• Published
  • By Command Chief Master Sgt. Sandra Santos
  • 932nd Airlift Wing
Recently, someone asked me if
I would consider being their
mentor. This prompted me to
examine many things about the request; from
whether I would accept the responsibility of
having a mentee, to the meaning of the word

Today, mentoring might be described
as the activities conducted by a person (the
mentor) for another person (the mentee) in
order to help that other person to do a job
more effectively and/or to progress in their

The original Mentor is a character in
Homer's epic poem "The Odyssey."
Odysseus, King of Ithaca, entrusted the care
of his son, Telemachus, to Mentor when
Odysseus set out to fight the Trojan War, as
well as on those famous wanderings we now
call an "odyssey." Mentor was Odysseus'
wise and trusted counselor, as well as tutor
to Telemachus. Mentor was also entrusted
with the care of Odysseus' kingdom. 

At any rate, Mentor's name, with a
lower case "m," has passed into our language
as a shorthand term for wise and
trusted counselor and teacher. This is usually
a more experienced person. Generally,
a mentor is someone who has "been there,
done that" and can provide expertise to less
experienced individuals to help them advance
their careers, enhance their education and
build their networks. 

What does it take to be a mentor? It
takes the same level of interest, commitment
and confidence in someone else's career as
it takes to grow your own. It also requires
that you be sincerely interested in someone
else's development despite your own busy
schedule. You may not win any awards, but
you will have the satisfaction of having done
an important job. 

So, you think that you are ready to take
on the role of a mentor? To help you answer
this question, you need to identify why you
want to be one. Analyze what you have to
offer a mentee. Be brutally honest with yourself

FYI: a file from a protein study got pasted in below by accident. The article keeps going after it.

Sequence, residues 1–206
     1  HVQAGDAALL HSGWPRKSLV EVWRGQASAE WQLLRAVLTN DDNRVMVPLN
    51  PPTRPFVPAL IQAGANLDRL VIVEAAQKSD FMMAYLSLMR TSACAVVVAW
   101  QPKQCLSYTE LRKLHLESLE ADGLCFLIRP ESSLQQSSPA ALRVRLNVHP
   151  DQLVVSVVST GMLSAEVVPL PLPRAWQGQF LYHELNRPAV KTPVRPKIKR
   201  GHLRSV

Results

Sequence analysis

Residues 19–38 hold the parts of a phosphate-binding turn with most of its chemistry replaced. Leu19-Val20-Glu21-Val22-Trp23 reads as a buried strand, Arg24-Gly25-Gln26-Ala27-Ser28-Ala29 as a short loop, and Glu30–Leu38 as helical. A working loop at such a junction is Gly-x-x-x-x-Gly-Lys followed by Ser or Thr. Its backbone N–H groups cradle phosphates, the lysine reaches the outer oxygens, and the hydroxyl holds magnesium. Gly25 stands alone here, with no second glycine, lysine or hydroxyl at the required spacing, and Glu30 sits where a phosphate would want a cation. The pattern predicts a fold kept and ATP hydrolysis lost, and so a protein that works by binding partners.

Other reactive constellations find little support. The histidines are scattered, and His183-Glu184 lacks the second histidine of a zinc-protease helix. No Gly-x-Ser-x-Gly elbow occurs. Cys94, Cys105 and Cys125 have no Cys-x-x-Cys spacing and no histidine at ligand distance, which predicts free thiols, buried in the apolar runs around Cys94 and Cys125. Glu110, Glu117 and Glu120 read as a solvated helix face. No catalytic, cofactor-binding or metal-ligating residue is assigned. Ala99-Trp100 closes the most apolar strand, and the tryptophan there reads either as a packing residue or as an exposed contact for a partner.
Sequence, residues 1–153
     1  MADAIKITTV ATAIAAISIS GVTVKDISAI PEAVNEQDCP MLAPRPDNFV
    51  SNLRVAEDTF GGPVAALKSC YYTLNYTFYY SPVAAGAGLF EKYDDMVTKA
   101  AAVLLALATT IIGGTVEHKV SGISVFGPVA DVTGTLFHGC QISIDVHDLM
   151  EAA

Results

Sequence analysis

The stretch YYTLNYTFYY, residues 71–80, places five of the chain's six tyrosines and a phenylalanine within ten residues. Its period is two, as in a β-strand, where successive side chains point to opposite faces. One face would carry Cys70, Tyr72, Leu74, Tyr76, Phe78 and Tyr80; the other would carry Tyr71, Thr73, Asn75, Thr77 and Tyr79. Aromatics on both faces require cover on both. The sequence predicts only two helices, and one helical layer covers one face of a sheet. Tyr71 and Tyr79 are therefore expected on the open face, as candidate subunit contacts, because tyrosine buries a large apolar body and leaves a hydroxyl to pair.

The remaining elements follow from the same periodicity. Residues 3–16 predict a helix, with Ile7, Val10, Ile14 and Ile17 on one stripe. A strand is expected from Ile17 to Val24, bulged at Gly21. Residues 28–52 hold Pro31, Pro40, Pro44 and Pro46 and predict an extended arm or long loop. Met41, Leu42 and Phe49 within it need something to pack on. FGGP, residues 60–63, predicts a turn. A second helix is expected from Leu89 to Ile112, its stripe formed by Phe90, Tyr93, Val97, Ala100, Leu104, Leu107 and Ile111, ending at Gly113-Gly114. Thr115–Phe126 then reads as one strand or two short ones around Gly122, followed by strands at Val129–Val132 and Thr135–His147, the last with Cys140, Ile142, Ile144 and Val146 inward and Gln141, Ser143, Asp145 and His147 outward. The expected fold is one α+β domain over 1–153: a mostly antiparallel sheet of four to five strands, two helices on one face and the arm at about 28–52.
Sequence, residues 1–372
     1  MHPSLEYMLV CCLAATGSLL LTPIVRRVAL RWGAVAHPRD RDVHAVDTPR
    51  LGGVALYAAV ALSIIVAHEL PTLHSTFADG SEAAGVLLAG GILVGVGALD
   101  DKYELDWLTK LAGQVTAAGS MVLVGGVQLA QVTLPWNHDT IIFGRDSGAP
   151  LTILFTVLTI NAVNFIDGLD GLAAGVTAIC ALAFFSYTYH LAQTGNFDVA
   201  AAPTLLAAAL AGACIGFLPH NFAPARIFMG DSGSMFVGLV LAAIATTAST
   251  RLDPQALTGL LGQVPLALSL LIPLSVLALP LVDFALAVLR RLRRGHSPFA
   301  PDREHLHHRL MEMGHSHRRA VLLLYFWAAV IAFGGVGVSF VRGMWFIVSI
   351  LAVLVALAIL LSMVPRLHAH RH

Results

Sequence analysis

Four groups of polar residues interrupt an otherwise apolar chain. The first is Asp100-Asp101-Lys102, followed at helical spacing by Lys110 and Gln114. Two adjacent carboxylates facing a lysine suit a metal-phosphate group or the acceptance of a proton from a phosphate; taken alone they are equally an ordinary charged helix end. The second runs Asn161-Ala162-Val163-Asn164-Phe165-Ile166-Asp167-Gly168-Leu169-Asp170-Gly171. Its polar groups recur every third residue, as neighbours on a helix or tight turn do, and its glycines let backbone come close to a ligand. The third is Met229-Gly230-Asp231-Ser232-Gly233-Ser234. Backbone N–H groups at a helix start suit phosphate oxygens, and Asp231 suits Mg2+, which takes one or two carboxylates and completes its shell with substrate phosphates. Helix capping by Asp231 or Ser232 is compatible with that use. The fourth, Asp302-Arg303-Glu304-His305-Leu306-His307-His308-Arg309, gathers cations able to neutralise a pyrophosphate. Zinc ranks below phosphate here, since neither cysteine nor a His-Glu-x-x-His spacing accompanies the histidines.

as you consider what influence, skill,
knowledge, or other contribution you can
make. Also, acknowledge your weak spots.
The following are some Do's and Don'ts
to successful mentoring: 


·Be clear about your motives for helping your
mentee. If you're not sure yourself, the mentor
will get mixed messages from you. 

·Look after your mentee's needs, but consider
your own as well. Be certain about what you
want from the relationship and what you're
willing to give. 

·Be prepared for the relationship to end. The
successful mentee-mentor cycle requires that
the mentee move on and the relationship either
ends or takes a different form. 


·Don't give up right away if your mentee resists
your help at first. They may not recognize
the value of what you have to offer. Persistence
to a point may help. 

·Don't try to force your mentee to follow in
your footsteps. If the footsteps fit, they will follow
them voluntarily. Value the mentee's unique
path and where they are along that path. 

·Don't have a pre-conceived plan for the final
outcome of your relationship. 

Now that we've looked at what a mentor
is and does, perhaps you have decided that a
business or personal mentor could be a benefit
to you. The following points may start you toward
finding the right mentor.

Here are some tips on what to
look for in a mentor: 

·The most important thing to consider is
finding someone you can respect. If you
know of someone who has accomplished
things that you admire and hope to
achieve yourself, ask that person for
guidance. The person should also be
someone with whom you could trust to
confidentially discuss sensitive career

·If your goal is to advance, seek someone
about two ranks or grades above
yourself. If you seek a mentor who is
much more senior, the path to advancement
may have changed since that person
was at your level. Therefore, his or
her guidance may not be as helpful as
from someone who has been at your level
more recently. 

·Look for someone who is patient and
has the time to go over your goals and
work with you on a career development

·Look for a person who will support your
needs and aspirations, who will encourage
you to accept challenges and overcome
difficulties and who will motivate 
and inspire you to reach your full potential. 

·Look for someone who is genuinely interested
in people, has the desire to help
others, knows how to effectively communicate
and actively listen, is able to
resolve conflicts, and give appropriate

·Look for a person who is self-confident
and appreciates a developing individual
without seeing them as a threat. 

·Seek someone who takes pride in their
organization, who relishes challenges and
understands the mission, vision and values
of the organization. 

Every one of us is ultimately responsible
for our own career. However,
it can help tremendously to have someone
to talk with and who can listen and
share what they've learned about the organization
and the things that helped them succeed. By becoming a mentor,
you get the chance to pass on your successes,
which can also create great personal

(Originally appeared in the Gateway wing paper, June 2009)